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Pentagon leak suspect Jack Teixeira charged in federal court, tells dad 'I love you'

Jack Teixeira, the 21-year-old Massachusetts Air National Guardsman accused of leaking documents the Department of Defense says contain “sensitive and highly-classified material,” was charged Friday with unauthorized retention and transmission of national defense information and willful retention of classified documents. 

Teixeira, wearing handcuffs and a khaki prison jumpsuit, was read the charges shortly after 10 a.m. local time during an appearance in federal court in Boston. He did not enter a plea and was ordered to be held pending a detention hearing set for Wednesday, according to the U.S. Attorney’s Office for the District of Massachusetts.

The appearance at the federal courthouse comes after Teixeira was taken into custody by the FBI less than 24 hours ago at his home in North Dighton, Massachusetts. 

His father shouted during the hearing “I love you, Jack!” He responded: “I love you, Dad.” 

WHO IS JACK TEIXEIRA, THE AIR NATIONAL GUARDSMEN ALLEGEDLY BEHIND LEAKED CLASSIFIED DOCUMENTS? 

In this courtroom sketch, Jack Douglas Teixeira, a U.S. Air Force National Guard airman accused of leaking highly classified military intelligence records online, makes his initial appearance before a federal judge in Boston on Friday.

In this courtroom sketch, Jack Douglas Teixeira, a U.S. Air Force National Guard airman accused of leaking highly classified military intelligence records online, makes his initial appearance before a federal judge in Boston on Friday. (REUTERS/Margaret Small)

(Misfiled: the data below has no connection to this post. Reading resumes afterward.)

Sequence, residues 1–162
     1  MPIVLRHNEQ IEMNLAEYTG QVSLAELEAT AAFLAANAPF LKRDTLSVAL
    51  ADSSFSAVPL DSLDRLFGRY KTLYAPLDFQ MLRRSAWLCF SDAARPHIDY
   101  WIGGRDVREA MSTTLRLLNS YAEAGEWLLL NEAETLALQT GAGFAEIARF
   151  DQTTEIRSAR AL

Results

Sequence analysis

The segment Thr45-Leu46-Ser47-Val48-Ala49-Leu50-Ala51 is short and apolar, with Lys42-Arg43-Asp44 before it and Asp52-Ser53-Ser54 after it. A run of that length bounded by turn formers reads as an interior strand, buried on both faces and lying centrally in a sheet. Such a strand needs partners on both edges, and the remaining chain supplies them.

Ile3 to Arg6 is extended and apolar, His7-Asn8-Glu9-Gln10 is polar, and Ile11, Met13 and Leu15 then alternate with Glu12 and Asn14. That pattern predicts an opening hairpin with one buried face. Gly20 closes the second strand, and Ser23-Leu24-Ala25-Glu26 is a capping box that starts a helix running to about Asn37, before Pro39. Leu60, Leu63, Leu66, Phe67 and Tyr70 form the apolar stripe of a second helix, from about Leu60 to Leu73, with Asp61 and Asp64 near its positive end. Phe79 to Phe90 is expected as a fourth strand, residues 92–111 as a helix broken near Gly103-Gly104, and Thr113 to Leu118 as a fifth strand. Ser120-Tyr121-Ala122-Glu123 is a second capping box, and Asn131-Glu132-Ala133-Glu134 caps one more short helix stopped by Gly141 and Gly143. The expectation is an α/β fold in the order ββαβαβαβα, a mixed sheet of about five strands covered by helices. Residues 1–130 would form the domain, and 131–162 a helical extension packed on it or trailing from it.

Selfie of Jack Teixeira, the 21-year-old Massachusetts Air National Guardsman accused of leaking classified information.

Selfie of Jack Teixeira, the 21-year-old Massachusetts Air National Guardsman accused of leaking classified information. (Facebook)

A criminal complaint obtained Friday by Fox News says the FBI on Monday interviewed a member of a social media platform who told a special agent that an individual — later identified to be Teixeira — began posting on the platform “what appeared to be classified information” starting in December 2022. The postings, the person said, appeared on a group aimed at discussing “geopolitical affairs and current and historical wars.”

The person said the individual first started sharing paragraphs of text, but around January of this year began posting images of documents that appeared to have classification markings on them.

One of the documents, prosecutors say, “described the status of the Russia-Ukraine conflict, including troop movements, on a particular date” — information that is “based on sensitive U.S. intelligence, gathered through classified sources and methods, and contains national defense information.”

READ THE AFFIDAVIT – APP USERS, CLICK HERE: